A History of the Modern Fact: Problems of Knowledge in the Sciences of Wealth and Society by Mary Poovey
English | ISBN: 0226675262 | edition 1998 | PDF | 436 pages | 24 mb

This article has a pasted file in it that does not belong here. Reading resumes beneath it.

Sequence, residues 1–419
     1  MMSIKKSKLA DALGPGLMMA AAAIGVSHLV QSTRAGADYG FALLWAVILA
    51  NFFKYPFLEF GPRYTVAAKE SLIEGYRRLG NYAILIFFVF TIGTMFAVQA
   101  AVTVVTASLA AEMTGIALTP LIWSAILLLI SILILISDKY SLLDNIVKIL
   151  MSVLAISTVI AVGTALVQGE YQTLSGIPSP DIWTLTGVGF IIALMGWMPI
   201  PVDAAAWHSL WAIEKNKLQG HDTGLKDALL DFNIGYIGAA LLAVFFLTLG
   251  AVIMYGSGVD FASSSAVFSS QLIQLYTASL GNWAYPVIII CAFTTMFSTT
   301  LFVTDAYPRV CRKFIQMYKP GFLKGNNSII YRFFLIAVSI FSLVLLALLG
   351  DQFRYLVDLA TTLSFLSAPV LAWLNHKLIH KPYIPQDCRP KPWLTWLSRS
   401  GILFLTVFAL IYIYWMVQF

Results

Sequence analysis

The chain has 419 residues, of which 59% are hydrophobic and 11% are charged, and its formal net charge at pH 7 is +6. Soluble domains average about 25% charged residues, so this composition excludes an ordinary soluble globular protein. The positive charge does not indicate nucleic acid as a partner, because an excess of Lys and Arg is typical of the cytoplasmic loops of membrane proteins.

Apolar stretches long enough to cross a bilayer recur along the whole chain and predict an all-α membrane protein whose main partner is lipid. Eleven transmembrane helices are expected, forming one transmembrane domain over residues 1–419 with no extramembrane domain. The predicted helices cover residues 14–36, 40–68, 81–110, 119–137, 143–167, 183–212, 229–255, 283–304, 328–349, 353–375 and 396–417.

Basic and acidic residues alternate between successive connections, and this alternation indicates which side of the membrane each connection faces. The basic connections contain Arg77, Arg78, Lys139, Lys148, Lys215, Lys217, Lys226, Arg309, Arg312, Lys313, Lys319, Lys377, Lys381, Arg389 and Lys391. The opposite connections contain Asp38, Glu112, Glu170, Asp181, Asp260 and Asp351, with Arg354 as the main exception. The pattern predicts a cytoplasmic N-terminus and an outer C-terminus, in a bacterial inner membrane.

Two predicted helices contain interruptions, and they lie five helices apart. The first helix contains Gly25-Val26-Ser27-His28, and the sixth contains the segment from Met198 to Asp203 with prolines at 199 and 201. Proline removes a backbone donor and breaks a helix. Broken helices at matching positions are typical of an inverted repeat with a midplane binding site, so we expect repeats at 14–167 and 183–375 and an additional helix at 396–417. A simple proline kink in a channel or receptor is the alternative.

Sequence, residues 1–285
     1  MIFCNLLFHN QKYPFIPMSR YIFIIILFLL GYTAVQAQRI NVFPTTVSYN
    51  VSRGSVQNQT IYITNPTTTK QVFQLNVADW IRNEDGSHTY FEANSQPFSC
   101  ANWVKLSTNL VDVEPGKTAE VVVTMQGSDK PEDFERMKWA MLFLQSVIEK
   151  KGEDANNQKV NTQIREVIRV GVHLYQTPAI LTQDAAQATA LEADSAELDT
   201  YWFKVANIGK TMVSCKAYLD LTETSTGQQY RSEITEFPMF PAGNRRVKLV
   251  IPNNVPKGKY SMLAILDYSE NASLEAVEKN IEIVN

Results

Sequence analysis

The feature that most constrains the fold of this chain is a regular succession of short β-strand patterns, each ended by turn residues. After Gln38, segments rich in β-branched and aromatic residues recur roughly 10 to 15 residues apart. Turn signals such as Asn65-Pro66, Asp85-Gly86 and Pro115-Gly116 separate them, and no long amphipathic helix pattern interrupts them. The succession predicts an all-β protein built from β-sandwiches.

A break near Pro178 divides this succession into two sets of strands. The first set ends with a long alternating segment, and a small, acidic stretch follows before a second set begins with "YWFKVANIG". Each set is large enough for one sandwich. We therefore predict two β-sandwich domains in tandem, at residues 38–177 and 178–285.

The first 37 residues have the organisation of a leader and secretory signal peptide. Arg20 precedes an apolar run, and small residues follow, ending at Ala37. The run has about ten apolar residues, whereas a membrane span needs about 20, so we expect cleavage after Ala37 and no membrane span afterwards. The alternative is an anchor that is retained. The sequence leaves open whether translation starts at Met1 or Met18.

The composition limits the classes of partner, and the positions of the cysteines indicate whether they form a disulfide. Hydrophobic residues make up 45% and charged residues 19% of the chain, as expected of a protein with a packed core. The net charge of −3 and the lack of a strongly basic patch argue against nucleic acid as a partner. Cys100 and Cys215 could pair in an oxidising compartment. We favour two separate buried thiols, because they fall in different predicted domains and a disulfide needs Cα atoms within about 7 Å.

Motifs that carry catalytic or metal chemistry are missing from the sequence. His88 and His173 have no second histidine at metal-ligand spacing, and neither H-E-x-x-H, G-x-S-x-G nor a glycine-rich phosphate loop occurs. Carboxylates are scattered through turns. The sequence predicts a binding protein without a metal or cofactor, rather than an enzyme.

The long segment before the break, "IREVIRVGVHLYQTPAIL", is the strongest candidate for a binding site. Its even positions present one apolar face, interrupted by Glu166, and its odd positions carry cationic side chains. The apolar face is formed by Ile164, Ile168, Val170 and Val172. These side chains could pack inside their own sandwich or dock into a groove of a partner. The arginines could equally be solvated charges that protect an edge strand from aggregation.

How did the fact become modernity's most favored unit of knowledge? How did description come to seem separable from theory in the precursors of economics and the social sciences? Mary Poovey explores these questions in A History of the Modern Fact, ranging across an astonishing array of texts and ideas from the publication of the first British manual on double-entry bookkeeping in 1588 to the institutionalization of statistics in the 1830s. She shows how the production of systematicknowledge from descriptions of observed particulars influenced government, how numerical representation became the privileged vehicle for generating useful facts, and how belief—whether figured as credit, credibility, or credulity—remained essential to the production ofknowledge.